[12 -- Hastings, aided by one Councillor's death, uses his full powers to have his appointment reconfirmed]
But, while these things were passing in England, a great change had taken place in Bengal. Monson was no more. Only four members of the Government were left. Clavering and Francis were on one side, Barwell and the Governor-General on the other; and the Governor-General had the casting vote. Hastings, who had been during two years destitute of all power and patronage, became at once absolute. He instantly proceeded to retaliate on his adversaries. Their measures were reversed: their creatures were displaced. A new valuation of the lands of Bengal, for the purposes of taxation, was ordered: and it was provided that the whole inquiry should be conducted by the Governor-General, and that all the letters relating to it should run in his name. He began, at the same time, to revolve vast plans of conquest and dominion, plans which he lived to see realised, though not by himself. His project was to form subsidiary alliances with the native princes, particularly with those of Oude and Berar, and thus to make Britain the paramount power in India. While he was meditating these great designs, arrived the intelligence that he had ceased to be Governor-General, that his resignation had been accepted, that Wheler was coming out immediately, and that, till Wheler arrived, the chair was to be filled by Clavering.
Glossary: *Berar*
Had Hastings still been in a minority, he would probably have retired without a struggle; but he was now the real master of British India, and he was not disposed to quit his high place. He asserted that he had never given any instructions which could warrant the steps taken at home. What his instructions had been, he owned he had forgotten. If he had kept a copy of them he had mislaid it. But he was certain that he had repeatedly declared to the Directors that he would not resign. He could not see how the court possessed of that declaration from himself, could receive his resignation from the doubtful hands of an agent. If the resignation were invalid, all the proceedings which were founded on that resignation were null, and Hastings was still Governor-General.
He afterwards affirmed that, though his agents had not acted in conformity with his instructions, he would nevertheless have held himself bound by their acts, if Clavering had not attempted to seize the supreme power by violence. Whether this assertion were or were not true, it cannot he doubted that the imprudence of Clavering gave Hastings an advantage. The General sent for the keys of the fort and of the treasury, took possession of the records, and held a council at which Francis attended. Hastings took the chair in another apartment, and Barwell sat with him. Each of the two parties had a plausible show of right. There was no authority entitled to their obedience within fifteen thousand miles. It seemed that there remained no way of settling the dispute except an appeal to arms; and from such an appeal Hastings, confident of his influence over his countrymen in India, was not inclined to shrink. He directed the officers of the garrison at Fort William and of all the neighbouring stations to obey no orders but his. At the same time, with admirable judgment, he offered to submit the case to the Supreme Court, and to abide by its decision. By making this proposition he risked nothing; yet it was a proposition which his opponents could hardly reject. Nobody could be treated as a criminal for obeying what the judges should solemnly pronounce to be the lawful government. The boldest man would shrink from taking arms in defence of what the judges should pronounce to be usurpation. Clavering and Francis, after some delay, unwillingly consented to abide by the award of the court. The court pronounced that the resignation was invalid, and that therefore Hastings was still Governor-General under the Regulating Act; and the defeated members of the Council, finding that the sense of the whole settlement was against them, acquiesced in the decision.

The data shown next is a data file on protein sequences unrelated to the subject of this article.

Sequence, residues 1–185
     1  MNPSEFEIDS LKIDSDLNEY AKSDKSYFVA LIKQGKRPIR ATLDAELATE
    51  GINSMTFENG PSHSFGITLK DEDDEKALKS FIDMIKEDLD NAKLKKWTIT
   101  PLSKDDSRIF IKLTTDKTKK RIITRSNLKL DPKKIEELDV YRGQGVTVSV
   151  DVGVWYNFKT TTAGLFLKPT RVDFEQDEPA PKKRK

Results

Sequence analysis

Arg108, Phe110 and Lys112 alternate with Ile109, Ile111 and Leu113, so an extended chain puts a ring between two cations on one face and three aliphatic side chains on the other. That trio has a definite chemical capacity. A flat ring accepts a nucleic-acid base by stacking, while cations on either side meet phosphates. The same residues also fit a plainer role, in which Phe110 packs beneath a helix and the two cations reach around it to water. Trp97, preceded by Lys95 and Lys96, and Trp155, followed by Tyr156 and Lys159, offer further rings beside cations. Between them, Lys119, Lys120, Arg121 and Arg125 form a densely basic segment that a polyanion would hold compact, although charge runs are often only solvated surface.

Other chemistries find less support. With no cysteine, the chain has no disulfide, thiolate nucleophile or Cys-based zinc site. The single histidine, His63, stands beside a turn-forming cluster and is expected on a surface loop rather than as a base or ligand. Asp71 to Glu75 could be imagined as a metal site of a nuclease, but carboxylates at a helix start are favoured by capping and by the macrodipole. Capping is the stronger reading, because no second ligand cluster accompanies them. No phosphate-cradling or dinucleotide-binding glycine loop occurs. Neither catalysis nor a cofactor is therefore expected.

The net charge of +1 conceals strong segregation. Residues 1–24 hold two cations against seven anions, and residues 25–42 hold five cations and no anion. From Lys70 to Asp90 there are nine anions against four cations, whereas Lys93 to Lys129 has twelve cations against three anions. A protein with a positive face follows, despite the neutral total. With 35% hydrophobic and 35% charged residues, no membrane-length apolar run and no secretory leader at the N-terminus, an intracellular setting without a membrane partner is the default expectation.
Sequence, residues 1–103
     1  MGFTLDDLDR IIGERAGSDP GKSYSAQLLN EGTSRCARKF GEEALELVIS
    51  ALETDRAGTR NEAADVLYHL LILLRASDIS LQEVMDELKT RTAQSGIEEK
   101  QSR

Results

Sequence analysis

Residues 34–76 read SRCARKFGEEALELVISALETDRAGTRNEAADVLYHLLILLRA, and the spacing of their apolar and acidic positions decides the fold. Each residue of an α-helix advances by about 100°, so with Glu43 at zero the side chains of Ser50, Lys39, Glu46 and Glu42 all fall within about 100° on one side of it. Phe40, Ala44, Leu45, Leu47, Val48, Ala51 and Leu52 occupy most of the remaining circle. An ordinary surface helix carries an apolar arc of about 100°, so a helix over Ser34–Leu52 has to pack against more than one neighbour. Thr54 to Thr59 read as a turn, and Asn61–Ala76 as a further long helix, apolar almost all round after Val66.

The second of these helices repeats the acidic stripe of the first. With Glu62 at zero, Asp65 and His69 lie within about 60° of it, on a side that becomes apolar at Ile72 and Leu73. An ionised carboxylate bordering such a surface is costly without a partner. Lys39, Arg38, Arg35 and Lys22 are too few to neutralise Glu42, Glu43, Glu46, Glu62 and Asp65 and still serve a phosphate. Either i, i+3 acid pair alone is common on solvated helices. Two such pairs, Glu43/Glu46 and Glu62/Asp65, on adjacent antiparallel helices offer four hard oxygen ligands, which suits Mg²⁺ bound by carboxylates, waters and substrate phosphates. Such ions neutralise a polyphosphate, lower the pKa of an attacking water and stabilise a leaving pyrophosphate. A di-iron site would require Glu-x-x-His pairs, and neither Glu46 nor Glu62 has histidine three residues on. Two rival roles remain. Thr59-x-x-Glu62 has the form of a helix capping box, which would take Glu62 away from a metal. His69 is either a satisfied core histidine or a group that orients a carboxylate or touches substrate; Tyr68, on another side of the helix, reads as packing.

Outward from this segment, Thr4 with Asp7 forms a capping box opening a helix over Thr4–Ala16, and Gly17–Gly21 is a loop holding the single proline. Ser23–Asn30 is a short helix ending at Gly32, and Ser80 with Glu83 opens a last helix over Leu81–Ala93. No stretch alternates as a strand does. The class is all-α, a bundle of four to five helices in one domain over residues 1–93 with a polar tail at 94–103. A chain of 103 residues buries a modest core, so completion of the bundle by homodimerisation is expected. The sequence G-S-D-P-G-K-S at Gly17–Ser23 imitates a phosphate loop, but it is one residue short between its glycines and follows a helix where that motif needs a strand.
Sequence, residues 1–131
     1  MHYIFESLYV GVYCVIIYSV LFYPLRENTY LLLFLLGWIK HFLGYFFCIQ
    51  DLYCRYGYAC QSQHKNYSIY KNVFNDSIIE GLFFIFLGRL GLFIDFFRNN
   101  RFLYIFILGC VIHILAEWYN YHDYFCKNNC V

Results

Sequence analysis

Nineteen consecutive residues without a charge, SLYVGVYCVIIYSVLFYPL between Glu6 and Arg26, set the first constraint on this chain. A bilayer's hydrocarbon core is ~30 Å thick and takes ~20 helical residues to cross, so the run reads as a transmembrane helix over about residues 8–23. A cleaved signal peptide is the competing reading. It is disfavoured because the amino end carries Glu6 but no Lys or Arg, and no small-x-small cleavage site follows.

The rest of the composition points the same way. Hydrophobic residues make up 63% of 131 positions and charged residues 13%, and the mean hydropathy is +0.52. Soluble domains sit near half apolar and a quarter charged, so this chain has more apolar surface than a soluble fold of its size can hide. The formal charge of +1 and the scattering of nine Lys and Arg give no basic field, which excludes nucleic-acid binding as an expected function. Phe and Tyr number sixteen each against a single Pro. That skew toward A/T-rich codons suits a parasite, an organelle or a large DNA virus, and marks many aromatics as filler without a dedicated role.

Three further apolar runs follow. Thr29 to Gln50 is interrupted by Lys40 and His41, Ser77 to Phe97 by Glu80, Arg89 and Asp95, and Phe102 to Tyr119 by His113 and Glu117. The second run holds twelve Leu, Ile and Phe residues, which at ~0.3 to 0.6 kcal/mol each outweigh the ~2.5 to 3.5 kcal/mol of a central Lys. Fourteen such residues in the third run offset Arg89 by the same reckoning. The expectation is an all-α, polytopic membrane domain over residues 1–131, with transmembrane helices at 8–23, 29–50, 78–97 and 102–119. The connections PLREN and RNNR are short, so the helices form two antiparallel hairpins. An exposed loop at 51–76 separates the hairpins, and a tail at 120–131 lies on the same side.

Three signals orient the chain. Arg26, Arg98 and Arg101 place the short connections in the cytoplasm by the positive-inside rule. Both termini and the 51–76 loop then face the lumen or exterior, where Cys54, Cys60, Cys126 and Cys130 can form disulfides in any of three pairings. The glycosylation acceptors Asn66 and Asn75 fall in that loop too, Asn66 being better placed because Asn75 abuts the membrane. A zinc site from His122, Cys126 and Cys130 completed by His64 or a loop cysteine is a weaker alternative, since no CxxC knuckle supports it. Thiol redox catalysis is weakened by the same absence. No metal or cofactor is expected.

About this time arrived the news that, after a suit which had lasted several years, the Franconian courts had decreed a divorce between Imhoff and his wife. The Baron left Calcutta, carrying with him the means of buying an estate in Saxony. The lady became Mrs. Hastings. The event was celebrated by great festivities; and all the most conspicuous persons at Calcutta, without distinction of parties, were invited to the Government-house. Clavering, as the Mahommedan chronicler tells the story, was sick in mind and body, and excused himself from joining the splendid assembly. But Hastings, whom, as it should seem, success in ambition and in love had put into high good-humour, would take no denial. He went himself to the General's house, and at length brought his vanquished rival in triumph to the gay circle which surrounded the bride. The exertion was too much for a frame broken by mortification as well as by disease. Clavering died a few days later.
Wheler, who came out expecting to be Governor-General, and was forced to content himself with a seat at the council-board, generally voted with Francis. But the Governor-General, with Barwell's help and his own casting vote, was still the master. Some change took place at this time in the feeling both of the Court of Directors and of the Ministers of the Crown. All designs against Hastings were dropped; and, when his original term of five years expired, he was quietly reappointed. The truth is, that the fearful dangers to which the public interests in every quarter were now exposed, made both Lord North and the Company unwilling to part with a Governor whose talents, experience, and resolution, enmity itself was compelled to acknowledge.

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